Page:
FEATURED STORY            

MONDAY, MAY 21, 2018


The Trump administration has eliminated the role of White House cybersecurity coordinator in the name of bureaucratic efficiency, drawing criticism from some lawmakers, former government officials, and subject matter experts. The position was established under the Obama presidency to unify the government’s approach to a range of cyber challenges. The job’s responsibilities will now fall to two members of the National Security Council.


Meanwhile, the Department of Homeland Security issued a new national cybersecurity strategy, aiming to harmonize and prioritize the department’s programming, budgeting, and operations. The document outlines a five-part approach to managing cyber risk and ensuring critical national functions. (NYT, Politico, CBS, DHS)


Mexico: The country’s central bank said that hackers stole more than $15 million from five unidentified companies using an electronic payment system. However, it’s unclear how much the thieves have been able to withdraw in cash. (Reuters)


Spectre Flaw: Yuriy Bulygin, the former head of Intel's threat team, published research showing that previously disclosed computer processor flaws can be used to attack a host system's firmware, which experts say would allow hackers extraordinary access to sensitive information. (Bloomberg)


Surveillance Tools: A new study shows that more than 200 apps and services offer would-be stalkers a variety of capabilities, from basic location tracking to harvesting texts and secretly recording video. (NYT)


CIA Leaker: Federal authorities have identified a suspect behind last year’s Vault 7 leak of Central Intelligence Agency hacking tools. However, Joshua A. Schulte, a 29-year-old former CIA software engineer, has not been charged or cleared in connection with the leak despite being arrested more than a year ago. (NYT)


Scan4you: A federal jury convicted Ruslans Bondars, the Latvian man behind a service that helped hackers determine the allusiveness of their malware, on multiple hacking-related counts. The Scan4you service reportedly helped develop some of the most prolific malware known to the FBI such as “Citadel” which infected over 11 million computers worldwide. (SCM)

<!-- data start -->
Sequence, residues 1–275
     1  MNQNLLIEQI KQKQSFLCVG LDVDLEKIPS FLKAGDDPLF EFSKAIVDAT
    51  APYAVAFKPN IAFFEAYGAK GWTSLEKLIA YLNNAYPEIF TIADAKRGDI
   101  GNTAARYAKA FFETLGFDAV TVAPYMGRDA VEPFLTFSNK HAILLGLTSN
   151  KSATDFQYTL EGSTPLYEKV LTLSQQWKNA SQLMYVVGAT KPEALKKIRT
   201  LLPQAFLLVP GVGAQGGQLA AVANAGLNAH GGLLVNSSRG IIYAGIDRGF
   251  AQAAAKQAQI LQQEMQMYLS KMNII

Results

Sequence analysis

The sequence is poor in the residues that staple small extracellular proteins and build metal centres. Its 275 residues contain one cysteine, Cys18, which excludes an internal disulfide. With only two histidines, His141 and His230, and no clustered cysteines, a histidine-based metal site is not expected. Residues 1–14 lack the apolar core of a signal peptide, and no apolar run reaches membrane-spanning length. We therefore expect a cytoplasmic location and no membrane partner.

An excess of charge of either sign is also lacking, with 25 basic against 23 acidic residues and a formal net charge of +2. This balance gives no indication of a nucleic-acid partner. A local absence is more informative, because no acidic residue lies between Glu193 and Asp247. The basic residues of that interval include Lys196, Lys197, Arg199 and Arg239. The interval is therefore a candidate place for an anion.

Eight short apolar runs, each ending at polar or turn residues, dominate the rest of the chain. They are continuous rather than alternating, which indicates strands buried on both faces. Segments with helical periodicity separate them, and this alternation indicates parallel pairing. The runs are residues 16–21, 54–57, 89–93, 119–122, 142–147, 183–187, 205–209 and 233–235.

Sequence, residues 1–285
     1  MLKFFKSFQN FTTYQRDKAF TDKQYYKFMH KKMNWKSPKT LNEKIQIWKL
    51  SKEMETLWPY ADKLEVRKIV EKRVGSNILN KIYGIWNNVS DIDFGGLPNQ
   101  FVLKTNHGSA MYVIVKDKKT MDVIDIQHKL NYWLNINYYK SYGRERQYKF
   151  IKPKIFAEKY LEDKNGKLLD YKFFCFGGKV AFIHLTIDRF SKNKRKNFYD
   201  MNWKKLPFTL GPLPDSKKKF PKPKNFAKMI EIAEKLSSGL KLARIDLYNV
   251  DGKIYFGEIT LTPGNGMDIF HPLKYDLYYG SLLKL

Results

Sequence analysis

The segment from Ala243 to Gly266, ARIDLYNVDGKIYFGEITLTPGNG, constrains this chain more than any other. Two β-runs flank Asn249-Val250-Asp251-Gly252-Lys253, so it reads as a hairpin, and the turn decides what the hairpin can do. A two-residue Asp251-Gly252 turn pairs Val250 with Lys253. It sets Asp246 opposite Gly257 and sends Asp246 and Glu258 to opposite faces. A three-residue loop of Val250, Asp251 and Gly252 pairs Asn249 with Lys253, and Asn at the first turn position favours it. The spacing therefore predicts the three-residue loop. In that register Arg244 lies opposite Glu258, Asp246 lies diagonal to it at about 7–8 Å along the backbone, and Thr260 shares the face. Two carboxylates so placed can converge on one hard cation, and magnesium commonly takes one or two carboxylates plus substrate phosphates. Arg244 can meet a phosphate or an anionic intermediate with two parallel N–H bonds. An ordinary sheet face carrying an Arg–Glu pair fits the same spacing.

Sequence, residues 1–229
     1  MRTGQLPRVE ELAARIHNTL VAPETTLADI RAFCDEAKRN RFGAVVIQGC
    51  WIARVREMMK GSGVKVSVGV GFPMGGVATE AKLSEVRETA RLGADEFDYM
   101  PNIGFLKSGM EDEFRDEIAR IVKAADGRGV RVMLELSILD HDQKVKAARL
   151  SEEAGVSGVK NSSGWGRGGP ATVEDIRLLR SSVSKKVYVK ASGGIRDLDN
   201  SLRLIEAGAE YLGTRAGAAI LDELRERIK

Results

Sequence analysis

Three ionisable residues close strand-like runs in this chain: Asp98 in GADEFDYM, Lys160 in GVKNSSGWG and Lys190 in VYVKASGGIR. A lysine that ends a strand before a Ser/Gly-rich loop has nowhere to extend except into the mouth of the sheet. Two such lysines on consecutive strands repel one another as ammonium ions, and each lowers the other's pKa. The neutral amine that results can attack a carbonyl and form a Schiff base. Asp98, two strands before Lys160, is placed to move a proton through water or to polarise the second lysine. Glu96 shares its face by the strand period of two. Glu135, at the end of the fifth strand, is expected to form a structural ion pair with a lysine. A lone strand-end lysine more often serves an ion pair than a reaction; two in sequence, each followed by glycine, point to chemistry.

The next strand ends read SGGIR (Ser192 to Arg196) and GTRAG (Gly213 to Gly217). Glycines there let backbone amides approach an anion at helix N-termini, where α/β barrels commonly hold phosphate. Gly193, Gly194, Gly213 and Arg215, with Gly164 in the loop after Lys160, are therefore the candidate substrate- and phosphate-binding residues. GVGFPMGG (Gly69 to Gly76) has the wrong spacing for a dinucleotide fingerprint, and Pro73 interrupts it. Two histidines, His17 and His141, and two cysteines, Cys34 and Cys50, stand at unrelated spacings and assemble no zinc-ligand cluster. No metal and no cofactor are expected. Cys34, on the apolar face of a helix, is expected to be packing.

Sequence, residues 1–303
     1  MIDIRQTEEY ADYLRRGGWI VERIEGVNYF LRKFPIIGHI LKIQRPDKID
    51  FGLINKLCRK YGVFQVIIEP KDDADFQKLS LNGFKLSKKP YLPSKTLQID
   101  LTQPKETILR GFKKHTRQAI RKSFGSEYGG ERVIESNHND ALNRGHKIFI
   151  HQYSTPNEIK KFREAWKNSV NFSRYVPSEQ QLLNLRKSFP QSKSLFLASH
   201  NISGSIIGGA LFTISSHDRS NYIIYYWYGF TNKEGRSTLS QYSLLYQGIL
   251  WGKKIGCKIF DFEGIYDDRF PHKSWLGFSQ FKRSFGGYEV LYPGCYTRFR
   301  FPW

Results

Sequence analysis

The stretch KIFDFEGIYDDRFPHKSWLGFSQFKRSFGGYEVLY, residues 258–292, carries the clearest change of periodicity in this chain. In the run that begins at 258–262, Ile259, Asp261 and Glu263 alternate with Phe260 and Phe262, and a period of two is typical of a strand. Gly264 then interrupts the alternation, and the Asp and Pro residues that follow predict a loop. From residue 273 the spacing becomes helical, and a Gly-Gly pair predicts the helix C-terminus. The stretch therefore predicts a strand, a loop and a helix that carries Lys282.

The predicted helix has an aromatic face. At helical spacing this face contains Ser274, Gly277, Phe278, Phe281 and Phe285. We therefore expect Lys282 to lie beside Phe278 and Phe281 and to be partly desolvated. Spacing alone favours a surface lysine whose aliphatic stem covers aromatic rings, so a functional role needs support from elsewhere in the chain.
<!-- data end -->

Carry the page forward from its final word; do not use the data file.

ON THE HILL                                    

Elections: Jigsaw, a tech incubator owned by Google-parent Alphabet, said that Project Shield, its free DDoS protection tool, is now available to political campaigns, candidates, and political action committees. (CNET)


Mobile Tracking: The FCC is investigating a website flaw that could have allowed the location of mobile phone customers to be tracked within a few hundred yards of their location and without their consent. (Reuters)


Drones: The Department of Homeland Security is seeking new legal authority to track threatening drones and disable them if necessary. A bipartisan group of lawmakers has reportedly introduced legislation to give DHS and the Justice Department authority “to protect buildings and assets when there is an unacceptable security risk to public safety posed by an unmanned aircraft.” (Reuters)

  PRIVATE SECTOR                             

Banks: Former U.S. military and intelligence workers are coming to dominate the top ranks of banks’ cyber security teams, an analysis shows. (NYT)


China in Silicon Valley: Nearly a dozen China-focused accelerators have popped up in California’s tech hub in recent years, affirming the fears of some that Beijing is exfiltrating sensitive U.S. innovations. (Reuters)


GDPR Consulting: Analysts say that a cottage industry around data privacy has sprung up in recent years, with firms offering products and services designed to help companies meet the demands of the EU’s General Data Protection Regulation. (WSJ)

  THE WORLD                                     

EU: Submitting to pressure from senior European leaders, Facebook CEO Mark Zuckerberg agreed to have his testimony in the European Parliament on Tuesday live streamed. (CNN)


How Europe Became the World’s Data Police: “According to many companies and data protection authorities, GDPR could become the global norm, setting standards for behaviour not just in the EU but in countries where hitherto individuals have had few weapons to defend their rights online,” write Sarah Gordon and Aliya Ram in the Financial Times.


Germany Acts to Tame Facebook: “Germany, home to a tough new online hate speech law, has become a laboratory for one of the most pressing issues for governments today: how and whether to regulate the world’s biggest social network,” writes Katrin Bennhold in the New York Times.


The World’s Dominant Crypto-Mining Company Wants to Own AI: “Even by the standards of Bitcoin, things are crazy in China. As the boom in cryptocurrencies has become the biggest speculative bubble in recorded history, a single company in Beijing’s Haidian District has been selling the chips that generate as much as 80 percent of the world’s cryptocoins. ‘We feel lucky,’ says Jihan Wu, the co-chief executive of Bitmain Technologies Ltd., which was more or less unknown two years ago,” write Max Chafkin and David Ramli in BusinessWeek.


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